MINIMUM WAGE: The House and Senate Committee of Conference on SB 10 agreed to send to their respective chambers next week a bill to raise the minimum wage to $12 over three years. It would go to $10.00 on January 1, 2020, and then to $12.00 on January 1, 2022. It would keep the tip wage at 45% of the minimum, bringing it to $4.50 when the minimum goes to $10.00 and to $5.40 when the minimum goes to $12.00. The bill would also require employers to make up the difference to any tipped employee that does not earn at least $12.00 in tips and cash from the employer combined. NHLRA lobbied to conferees to go along with the Senate version of the tip wage which would have frozen the tip wage at $4.00 and would have required employers to make up the difference to any tipped employee that did not earn at least $12 with tips and cash wage combined. The House had wanted to raise the tip wage from 45% to 50% of the minimum. They compromised by keeping it at 45%. The full House and Senate will likely approve it next Thursday. NHLRA will be asking the Governor to veto the bill.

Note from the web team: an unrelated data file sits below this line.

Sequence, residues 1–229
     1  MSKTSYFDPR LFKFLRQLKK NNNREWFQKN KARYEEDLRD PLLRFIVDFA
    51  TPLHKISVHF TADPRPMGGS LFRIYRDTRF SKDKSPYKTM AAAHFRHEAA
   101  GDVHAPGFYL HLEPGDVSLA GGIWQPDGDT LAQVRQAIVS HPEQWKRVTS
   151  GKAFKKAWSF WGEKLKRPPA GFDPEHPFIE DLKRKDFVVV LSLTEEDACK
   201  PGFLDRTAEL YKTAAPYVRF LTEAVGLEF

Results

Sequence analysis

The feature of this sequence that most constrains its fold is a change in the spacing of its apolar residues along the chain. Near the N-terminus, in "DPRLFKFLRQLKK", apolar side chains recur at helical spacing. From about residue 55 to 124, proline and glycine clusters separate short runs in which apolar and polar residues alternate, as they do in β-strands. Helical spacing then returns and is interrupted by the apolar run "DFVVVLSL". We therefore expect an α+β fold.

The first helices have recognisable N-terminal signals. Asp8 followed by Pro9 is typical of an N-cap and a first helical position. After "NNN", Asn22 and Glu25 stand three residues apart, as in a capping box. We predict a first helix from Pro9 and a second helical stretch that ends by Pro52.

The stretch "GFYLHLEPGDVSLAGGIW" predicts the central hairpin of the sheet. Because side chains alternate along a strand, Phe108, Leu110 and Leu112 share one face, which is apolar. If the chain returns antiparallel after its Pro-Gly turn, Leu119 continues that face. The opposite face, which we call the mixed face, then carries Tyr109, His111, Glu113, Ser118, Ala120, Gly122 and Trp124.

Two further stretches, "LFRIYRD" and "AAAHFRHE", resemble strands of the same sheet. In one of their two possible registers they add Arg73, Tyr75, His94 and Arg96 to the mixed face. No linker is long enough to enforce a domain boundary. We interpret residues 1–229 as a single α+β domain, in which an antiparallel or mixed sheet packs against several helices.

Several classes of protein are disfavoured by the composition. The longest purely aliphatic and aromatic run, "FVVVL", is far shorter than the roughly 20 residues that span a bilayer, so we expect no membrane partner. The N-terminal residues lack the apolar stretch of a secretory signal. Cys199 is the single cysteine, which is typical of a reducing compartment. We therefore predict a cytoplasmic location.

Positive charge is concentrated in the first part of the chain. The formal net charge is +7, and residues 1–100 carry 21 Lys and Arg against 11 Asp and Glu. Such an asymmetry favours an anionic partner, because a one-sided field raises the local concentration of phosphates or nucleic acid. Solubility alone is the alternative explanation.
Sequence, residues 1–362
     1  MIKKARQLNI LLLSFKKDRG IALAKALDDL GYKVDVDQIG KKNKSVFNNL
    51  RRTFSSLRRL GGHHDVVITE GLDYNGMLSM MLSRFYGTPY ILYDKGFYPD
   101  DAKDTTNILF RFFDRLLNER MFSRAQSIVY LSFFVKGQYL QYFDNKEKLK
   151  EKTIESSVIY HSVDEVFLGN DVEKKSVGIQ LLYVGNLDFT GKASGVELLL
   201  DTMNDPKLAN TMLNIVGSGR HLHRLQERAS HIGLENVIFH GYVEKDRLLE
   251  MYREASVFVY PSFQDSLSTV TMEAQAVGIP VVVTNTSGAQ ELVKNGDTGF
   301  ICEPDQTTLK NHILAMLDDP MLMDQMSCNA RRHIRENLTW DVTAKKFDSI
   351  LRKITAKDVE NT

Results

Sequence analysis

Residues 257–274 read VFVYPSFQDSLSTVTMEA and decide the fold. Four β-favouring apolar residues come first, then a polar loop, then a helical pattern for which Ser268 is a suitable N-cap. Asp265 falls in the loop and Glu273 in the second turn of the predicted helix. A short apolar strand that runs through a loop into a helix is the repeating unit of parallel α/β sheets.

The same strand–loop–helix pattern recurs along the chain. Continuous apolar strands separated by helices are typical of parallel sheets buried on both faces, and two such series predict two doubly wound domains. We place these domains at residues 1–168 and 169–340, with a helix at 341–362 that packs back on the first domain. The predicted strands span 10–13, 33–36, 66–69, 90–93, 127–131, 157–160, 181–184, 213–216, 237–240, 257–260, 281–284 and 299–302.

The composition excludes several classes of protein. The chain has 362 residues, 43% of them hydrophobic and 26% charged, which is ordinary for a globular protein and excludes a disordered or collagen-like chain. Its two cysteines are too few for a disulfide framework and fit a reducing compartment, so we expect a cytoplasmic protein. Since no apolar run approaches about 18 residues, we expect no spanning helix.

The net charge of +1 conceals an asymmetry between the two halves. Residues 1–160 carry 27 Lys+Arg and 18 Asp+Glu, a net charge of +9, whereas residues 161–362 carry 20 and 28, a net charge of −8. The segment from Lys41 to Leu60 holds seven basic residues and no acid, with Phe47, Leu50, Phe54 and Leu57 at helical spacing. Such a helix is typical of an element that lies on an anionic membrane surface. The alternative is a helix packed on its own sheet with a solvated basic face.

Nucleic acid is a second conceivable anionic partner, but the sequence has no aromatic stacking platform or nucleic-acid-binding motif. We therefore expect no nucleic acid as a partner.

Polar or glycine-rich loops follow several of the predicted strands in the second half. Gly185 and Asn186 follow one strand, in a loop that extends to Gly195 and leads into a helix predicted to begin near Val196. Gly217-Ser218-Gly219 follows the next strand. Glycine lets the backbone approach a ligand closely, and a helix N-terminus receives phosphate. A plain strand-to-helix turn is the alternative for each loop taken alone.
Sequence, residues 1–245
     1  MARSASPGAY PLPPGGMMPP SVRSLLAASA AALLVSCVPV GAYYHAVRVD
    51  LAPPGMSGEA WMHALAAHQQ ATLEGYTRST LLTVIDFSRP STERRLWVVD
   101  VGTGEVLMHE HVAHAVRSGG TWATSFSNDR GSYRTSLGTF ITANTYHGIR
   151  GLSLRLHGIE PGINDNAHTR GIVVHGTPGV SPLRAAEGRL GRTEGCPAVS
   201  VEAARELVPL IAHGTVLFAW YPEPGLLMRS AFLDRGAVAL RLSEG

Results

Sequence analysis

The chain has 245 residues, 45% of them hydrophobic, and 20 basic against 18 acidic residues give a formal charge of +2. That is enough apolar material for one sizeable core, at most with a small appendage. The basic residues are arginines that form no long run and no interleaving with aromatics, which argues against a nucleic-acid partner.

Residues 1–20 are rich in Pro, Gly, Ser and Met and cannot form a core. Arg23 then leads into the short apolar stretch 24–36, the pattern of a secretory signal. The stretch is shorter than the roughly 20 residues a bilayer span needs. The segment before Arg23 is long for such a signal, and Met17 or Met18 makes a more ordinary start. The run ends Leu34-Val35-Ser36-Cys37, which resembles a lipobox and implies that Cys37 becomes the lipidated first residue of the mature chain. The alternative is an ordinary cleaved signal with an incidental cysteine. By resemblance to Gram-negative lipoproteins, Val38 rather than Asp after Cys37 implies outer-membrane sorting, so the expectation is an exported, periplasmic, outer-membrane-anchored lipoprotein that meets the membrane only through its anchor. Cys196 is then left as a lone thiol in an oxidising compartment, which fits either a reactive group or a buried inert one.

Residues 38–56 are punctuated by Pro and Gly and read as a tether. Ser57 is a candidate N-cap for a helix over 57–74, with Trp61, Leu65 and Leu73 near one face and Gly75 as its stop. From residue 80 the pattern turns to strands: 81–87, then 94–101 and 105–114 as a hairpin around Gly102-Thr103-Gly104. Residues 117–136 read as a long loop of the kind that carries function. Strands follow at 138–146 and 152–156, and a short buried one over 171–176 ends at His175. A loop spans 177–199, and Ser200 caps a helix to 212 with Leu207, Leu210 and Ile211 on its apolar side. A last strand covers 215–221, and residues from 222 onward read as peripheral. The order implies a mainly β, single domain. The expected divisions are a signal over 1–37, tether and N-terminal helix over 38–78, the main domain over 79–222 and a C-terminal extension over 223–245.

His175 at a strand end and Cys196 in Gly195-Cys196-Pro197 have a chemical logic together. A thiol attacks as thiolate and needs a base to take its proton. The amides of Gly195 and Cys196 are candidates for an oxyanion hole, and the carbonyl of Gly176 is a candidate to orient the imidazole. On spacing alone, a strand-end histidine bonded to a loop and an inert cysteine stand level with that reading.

STATE BUDGET / TOURISM PROMOTION: The House and Senate conferees to the budget agreed to increase the amount budgeted for tourism promotion, but still not at the statutory called for amount of 3.15% of the rooms and meals tax. The Governor had proposed and the House passed a budget that allocated an amount equal to 3.15% of the rooms and meals tax. This was a big victory for those in the tourism industry. But, led by Senator Dan Feltes, the Senate Finance Committee voted to reduce the House-passed version by $1 million the first year, and by $500,000 in the second year. This results in appropriation of $9.8 million in the first year, and $10.3 million in the second year. It’s still a $2 million increase in the first year and $2.5 million increase in the second year over the existing budget. The House and Senate will now vote on the budget next Thursday. They will pass it and then it’s likely that the Governor will veto it.
REGULATION OF SWIMMING POOLS / SPAS: Included in the budget is language that would change the way the State regulates pools. Pool operators will have to register with the Department of Environmental Services. Operators will have to annually self-certify that they are in compliance with a laundry list of regulations. Along with the self certification, a $250 per pool fee (up to a maximum of $1500) will be annually. In addition, the operator must have someone who has completed a certified pool and spa operator certification program. The full House and Senate will vote on the budget next Thursday.
Contact the NHLRA with your legislative questions or concerns at 603-228-9585 or email@example.com.